Want to try out self-driving technology for yourself? If you own a Tesla (or know someone who does), you might soon have the chance: the electric-car manufacturer is reportedly offering some vehicle owners a one-month trial that “enables automatic steering, speed, lane changing, and parking.”
Tesla CEO Elon Musk has made no secret of his interest in self-driving cars, and rumors suggest that the upcoming Tesla 3 could feature that technology under the hood. A midsize sedan that costs $35,000 before tax incentives, far below the sticker price of the company’s current “luxury” models, the Tesla 3 may make its debut late next year—if Tesla can produce them fast enough. Nearly 400,000 people have pre-ordered the vehicle.
In addition to Tesla, companies such as Google have spent a considerable amount of time perfecting autonomous cars’ driving skills. The more cars on the road, the more data these companies can use to refine their software; anyone who owns a Tesla and participates in this self-driving program isn’t just allowing their car to drive them to work—they may be contributing to this technology’s evolution.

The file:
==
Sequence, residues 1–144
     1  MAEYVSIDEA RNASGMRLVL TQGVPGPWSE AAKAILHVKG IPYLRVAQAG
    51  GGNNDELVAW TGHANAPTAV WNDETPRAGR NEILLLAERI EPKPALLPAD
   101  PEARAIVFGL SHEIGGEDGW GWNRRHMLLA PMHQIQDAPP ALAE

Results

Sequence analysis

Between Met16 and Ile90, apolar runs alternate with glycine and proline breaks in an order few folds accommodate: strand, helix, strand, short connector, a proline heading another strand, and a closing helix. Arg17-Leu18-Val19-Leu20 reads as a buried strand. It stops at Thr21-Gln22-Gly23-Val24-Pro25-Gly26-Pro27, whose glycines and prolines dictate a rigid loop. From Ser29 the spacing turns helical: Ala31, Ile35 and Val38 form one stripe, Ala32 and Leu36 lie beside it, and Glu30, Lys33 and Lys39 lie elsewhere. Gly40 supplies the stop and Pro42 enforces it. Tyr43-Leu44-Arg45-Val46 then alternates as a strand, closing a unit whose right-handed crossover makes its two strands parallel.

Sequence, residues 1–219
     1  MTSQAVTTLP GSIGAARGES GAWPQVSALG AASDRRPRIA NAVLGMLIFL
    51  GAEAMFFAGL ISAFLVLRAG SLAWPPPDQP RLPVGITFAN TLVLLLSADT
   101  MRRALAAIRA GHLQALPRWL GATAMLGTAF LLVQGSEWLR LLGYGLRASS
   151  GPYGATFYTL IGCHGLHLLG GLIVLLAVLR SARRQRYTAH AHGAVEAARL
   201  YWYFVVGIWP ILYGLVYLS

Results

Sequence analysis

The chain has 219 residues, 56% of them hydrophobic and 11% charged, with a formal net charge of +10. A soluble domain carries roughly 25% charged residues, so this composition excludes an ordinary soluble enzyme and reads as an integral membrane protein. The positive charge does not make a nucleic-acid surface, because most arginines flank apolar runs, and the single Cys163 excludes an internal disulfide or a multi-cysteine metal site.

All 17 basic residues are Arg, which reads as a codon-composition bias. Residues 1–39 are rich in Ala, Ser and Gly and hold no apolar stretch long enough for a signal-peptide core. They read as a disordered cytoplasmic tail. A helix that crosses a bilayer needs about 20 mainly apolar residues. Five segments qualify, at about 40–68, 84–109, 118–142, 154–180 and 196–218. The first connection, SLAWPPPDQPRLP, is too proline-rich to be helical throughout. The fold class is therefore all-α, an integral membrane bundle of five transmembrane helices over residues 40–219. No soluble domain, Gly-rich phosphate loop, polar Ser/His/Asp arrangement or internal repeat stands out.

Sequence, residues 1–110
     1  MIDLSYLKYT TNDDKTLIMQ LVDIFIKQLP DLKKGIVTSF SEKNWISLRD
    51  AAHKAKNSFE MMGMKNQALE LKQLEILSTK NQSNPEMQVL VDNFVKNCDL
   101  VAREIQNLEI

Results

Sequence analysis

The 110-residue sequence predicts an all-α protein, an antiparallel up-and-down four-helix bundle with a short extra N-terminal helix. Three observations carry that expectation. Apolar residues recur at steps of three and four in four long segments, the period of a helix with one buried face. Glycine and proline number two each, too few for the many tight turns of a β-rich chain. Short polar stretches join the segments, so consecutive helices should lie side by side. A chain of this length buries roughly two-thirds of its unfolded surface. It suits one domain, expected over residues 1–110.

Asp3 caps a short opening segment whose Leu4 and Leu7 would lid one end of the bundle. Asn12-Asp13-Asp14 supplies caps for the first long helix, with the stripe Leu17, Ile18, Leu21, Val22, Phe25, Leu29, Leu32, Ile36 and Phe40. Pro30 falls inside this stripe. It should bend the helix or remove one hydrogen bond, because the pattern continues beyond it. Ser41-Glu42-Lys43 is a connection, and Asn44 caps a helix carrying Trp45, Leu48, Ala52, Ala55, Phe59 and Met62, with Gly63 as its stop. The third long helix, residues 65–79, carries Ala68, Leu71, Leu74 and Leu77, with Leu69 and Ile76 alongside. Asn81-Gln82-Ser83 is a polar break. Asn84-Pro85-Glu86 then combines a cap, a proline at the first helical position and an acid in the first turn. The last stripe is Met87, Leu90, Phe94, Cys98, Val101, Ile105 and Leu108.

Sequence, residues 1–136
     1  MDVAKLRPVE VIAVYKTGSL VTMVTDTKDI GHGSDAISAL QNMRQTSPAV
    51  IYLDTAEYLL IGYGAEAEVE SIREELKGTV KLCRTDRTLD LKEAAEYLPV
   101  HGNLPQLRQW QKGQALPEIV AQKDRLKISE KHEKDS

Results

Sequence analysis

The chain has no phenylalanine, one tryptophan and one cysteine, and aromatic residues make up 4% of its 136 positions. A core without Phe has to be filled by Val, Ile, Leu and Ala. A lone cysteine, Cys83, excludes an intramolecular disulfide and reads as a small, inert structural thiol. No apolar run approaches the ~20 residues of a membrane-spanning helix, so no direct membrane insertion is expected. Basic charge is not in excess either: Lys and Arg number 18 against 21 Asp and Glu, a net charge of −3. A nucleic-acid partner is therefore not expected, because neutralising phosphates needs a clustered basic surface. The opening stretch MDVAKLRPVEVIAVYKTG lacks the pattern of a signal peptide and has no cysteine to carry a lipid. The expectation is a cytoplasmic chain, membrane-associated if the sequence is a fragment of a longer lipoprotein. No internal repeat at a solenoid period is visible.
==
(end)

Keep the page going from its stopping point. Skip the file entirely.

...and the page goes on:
A 2015 report by Boston-based Lux Research estimated that the self-driving car industry would generate $87 billion worth of value by 2030. Those tech pros interested in pursuing autonomous vehicles as a career opportunity don’t necessarily need to learn everything they can about the automobile industry as a whole; a background in computer science, with heavy emphasis on machine-learning techniques can prove enough to get your foot in the proverbial door.